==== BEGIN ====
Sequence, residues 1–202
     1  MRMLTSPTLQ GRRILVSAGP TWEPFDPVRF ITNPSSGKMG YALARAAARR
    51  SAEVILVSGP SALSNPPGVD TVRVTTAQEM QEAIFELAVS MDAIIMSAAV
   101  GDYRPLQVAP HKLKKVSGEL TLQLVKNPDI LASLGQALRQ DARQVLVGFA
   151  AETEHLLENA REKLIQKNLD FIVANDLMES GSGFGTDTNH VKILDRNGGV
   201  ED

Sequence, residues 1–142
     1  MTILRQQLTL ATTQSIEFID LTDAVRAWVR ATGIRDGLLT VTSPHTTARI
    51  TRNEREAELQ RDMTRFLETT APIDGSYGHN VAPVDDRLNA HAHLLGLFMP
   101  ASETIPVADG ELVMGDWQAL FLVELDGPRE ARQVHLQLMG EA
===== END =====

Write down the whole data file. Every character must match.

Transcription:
Sequence, residues 1–202
     1  MRMLTSPTLQ GRRILVSAGP TWEPFDPVRF ITNPSSGKMG YALARAAARR
    51  SAEVILVSGP SALSNPPGVD TVRVTTAQEM QEAIFELAVS MDAIIMSAAV
   101  GDYRPLQVAP HKLKKVSGEL TLQLVKNPDI LASLGQALRQ DARQVLVGFA
   151  AETEHLLENA REKLIQKNLD FIVANDLMES GSGFGTDTNH VKILDRNGGV
   201  ED

Sequence, residues 1–142
     1  MTILRQQLTL ATTQSIEFID LTDAVRAWVR ATGIRDGLLT VTSPHTTARI
    51  TRNEREAELQ RDMTRFLETT APIDGSYGHN VAPVDDRLNA HAHLLGLFMP
   101  ASETIPVADG ELVMGDWQAL FLVELDGPRE ARQVHLQLMG EA